A review, published in the Cochrane Database of Systematic Reviews, looks at the use of Ivermectin for preventing and treating COVID‐19.
Dr Penny Ward, Faculty of Pharmaceutical Medicine, Visiting Professor in Pharmaceutical Medicine, Kings College London, said:
“This timely review by the Cochrane collaborative group confirms the lack of sufficient clinical evidence supporting the assertion of benefit from use of ivermectin for the treatment or prevention of COVID. The authors have provided an exhaustive summary of the available evidence, which demonstrates the sub optimal design and reporting of many studies, as well as a summary of ongoing work, which may be anticipated to define the utility of the agent more precisely. It should be noted that the initial screening in vitro data suggested antiviral effects for this agent require high concentrations of the agent in target tissues. However, doses used in trials to date were too low to achieve these concentrations, suggesting that doses considerably higher than those being used in the ongoing clinical trials may be needed. This might require alternative formulations to improve oral bioavailability or direct pulmonary administration via inhalation which might increase the potential for efficacy while reducing potential toxicity. Higher doses/systemic exposure will require additional safety evaluation, given the toxicity of the product to liver and kidney. In the meantime, clinicians should not be using ivermectin for the treatment or prevention of COVID in practice. In addition, clinicians responsible for the studies that are ongoing might perhaps consider early evaluation of outcomes for futility.”
Prof Stephen Evans, Professor of Pharmacoepidemiology, London School of Hygiene & Tropical Medicine, said:
“This is a good review from experienced reviewers. They are transparent about which studies are included and which are included. They apply sensible criteria for both of these.
“Their overall conclusion that any benefit to ivermectin in prevention or treatment was at best uncertain. There was no clear evidence of harm. Their conclusions are in contrast to some other reviews that were not done as carefully and which included trials of doubtful validity. Any benefit at any stage of the disease process from infection to prevention of death will require large carefully-conducted randomised trials. Such trials are under way now.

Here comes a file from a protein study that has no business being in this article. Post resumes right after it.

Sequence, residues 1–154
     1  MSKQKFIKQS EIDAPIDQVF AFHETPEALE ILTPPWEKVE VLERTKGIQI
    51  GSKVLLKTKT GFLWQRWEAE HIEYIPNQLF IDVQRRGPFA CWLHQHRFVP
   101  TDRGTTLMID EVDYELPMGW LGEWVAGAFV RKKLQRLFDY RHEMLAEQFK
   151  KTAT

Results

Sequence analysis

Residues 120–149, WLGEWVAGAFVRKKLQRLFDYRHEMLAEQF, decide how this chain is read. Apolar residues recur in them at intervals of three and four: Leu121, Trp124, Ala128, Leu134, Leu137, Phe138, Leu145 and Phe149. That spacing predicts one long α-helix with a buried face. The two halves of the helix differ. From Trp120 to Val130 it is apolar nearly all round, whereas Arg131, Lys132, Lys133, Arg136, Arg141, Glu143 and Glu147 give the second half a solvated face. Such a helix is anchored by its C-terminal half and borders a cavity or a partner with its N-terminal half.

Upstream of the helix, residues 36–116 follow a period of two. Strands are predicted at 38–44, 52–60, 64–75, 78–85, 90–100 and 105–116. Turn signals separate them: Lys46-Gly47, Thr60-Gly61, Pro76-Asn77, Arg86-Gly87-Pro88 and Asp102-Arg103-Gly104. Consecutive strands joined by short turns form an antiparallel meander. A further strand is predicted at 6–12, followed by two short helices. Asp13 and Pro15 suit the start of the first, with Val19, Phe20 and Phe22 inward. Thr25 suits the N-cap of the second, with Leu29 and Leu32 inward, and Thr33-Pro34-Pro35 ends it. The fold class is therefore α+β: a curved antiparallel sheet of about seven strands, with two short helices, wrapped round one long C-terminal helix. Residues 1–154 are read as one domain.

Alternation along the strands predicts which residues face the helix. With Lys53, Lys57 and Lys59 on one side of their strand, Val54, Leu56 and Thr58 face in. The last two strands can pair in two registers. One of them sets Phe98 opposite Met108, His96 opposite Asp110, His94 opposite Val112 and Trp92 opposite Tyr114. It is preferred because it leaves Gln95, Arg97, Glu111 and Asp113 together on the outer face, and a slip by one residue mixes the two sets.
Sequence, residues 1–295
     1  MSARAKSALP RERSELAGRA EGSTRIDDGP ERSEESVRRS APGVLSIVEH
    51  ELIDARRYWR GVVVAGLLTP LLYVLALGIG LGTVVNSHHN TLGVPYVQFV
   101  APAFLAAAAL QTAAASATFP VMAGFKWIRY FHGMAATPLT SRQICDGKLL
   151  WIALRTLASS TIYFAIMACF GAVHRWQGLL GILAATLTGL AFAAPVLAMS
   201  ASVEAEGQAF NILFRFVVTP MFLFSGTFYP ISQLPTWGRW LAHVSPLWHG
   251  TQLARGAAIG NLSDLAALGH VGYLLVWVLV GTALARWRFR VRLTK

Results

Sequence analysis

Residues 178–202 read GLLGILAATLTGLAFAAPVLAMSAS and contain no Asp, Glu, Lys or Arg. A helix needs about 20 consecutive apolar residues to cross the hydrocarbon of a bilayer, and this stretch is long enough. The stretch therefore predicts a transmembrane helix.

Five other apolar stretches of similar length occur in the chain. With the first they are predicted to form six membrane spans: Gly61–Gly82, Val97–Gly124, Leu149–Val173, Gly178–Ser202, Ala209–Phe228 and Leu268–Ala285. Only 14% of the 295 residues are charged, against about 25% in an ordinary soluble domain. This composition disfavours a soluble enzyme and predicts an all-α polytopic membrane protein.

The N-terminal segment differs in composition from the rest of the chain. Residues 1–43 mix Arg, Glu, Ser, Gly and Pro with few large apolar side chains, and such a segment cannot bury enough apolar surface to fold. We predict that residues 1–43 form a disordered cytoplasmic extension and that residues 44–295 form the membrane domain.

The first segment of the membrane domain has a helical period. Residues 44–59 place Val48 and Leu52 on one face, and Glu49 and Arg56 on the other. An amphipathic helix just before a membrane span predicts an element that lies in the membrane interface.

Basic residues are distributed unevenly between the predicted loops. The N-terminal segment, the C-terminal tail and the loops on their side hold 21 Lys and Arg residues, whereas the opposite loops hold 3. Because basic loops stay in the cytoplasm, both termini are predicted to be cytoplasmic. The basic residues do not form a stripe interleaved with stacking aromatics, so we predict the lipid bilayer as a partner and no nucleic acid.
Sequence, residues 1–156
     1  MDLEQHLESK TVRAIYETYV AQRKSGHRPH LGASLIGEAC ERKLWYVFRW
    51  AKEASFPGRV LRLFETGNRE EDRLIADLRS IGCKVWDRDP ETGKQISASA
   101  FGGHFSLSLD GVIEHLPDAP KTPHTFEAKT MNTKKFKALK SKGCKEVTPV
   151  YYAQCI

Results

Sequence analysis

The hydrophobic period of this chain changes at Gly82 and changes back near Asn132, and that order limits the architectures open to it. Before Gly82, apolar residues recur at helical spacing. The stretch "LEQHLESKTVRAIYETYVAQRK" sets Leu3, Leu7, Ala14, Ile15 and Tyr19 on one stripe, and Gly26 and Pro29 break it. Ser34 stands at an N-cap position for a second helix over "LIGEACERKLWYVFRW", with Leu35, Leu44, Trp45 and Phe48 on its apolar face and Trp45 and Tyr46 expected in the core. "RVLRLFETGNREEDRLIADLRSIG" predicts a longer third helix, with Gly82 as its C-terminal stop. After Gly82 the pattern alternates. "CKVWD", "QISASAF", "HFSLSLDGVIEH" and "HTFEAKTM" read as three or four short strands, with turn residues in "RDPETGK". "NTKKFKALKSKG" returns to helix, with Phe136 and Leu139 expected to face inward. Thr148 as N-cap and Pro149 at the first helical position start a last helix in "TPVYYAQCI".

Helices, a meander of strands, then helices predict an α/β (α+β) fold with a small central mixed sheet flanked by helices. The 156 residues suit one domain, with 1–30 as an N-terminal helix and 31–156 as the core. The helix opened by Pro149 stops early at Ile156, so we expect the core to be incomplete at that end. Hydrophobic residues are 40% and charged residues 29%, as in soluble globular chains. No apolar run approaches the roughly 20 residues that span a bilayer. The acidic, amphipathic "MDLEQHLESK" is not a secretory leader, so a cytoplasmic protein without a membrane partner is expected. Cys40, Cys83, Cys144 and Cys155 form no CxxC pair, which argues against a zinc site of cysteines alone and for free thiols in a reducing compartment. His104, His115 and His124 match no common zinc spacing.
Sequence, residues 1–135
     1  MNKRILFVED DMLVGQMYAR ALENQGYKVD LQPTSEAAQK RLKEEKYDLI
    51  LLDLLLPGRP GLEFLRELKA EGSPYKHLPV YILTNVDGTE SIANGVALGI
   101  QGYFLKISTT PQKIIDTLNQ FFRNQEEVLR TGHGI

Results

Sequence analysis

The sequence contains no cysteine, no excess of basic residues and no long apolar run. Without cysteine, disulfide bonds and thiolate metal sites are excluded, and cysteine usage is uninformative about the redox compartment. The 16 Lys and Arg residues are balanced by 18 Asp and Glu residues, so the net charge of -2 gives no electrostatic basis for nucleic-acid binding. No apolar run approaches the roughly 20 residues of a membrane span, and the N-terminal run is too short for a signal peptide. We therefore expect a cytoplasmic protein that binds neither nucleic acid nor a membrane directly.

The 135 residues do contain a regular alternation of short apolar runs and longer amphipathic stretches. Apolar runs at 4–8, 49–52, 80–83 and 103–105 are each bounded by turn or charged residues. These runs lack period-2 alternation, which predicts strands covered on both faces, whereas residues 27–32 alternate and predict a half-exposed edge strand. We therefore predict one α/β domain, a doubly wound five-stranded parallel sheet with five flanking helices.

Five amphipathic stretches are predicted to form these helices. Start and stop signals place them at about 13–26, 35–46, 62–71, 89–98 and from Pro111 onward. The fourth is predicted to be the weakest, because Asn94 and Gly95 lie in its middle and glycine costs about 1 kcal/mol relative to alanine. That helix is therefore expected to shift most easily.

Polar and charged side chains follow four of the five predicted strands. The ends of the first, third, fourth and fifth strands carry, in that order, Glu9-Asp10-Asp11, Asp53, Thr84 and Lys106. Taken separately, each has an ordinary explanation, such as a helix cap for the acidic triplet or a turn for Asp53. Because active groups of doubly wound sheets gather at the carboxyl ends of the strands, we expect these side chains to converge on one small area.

“This review confirms previously issued advice from WHO, EMA and FDA that ivermectin should only be used in the context of a randomised trial and should not be used for routine treatment or prevention of Covid-19.”
Dr Stephen Griffin, Associate Professor in the School of Medicine, University of Leeds, said:
“This Cochrane review supports the consensus that reported successes attributed to poorly designed RCTs or off-label use of Ivermectin, are both unfounded and unreliable. Recent concerning revelations around some of the most highly cited Ivermectin studies add to this claim, and undermine meta-analyses upon which they are based. Whilst the outcome of the Solidarity trial should be awaited to confirm, it seems highly unlikely that this drug can, or should be repurposed to treat SARS-CoV2 infection. Continuing its off-label use should therefore be considered unacceptable at the present time.”
‘Ivermectin for preventing and treating COVID‐19’ by Maria Popp et al. was published in the Cochrane Database of Systematic Reviews on Wednesday 28 July 2021.
All our previous output on this subject can be seen at this weblink:
Dr Penny Ward: “No COIs. I am semi-retired, but I am owner/Director of PWG Consulting (Biopharma) Ltd a consulting firm advising companies on drug and device development. Until July 2019 I was Chief Medical Officer of Virion Biotherapeutics, which was a company developing broad spectrum RNA therapy for the treatment/prevention of respiratory virus infections. Between December 2016 and July 2019 I served as Chief Medical Officer of Virion Biotherapeutics Ltd, a company developing antiviral treatments for respiratory viral diseases. Previous employee of Roche, makers of tocilizumab (anti IL6 antibody) and CMO of Novimmune, makers of empalumab (anti IFN gamma antibody).”
Prof Stephen Evans: “No conflicts of interest. I am funded (one day per week) by LSHTM. They get funding from various companies, including Astra Zeneca and GSK but I am not funded by them, I have no involvement in obtaining funding from them and I am not an investigator on any grants obtained from them. I am the statistician to the ‘meta-Data Safety and Monitoring Board’ for CEPI. I am paid for my attendance at those meetings and will be paid expenses for travel if that occurs. I am a participant in the Oxford/Astra Zeneca trial, and on 13th January 2021 learnt I had received the active vaccine.”
Dr Stephen Griffin: “No conflicts.”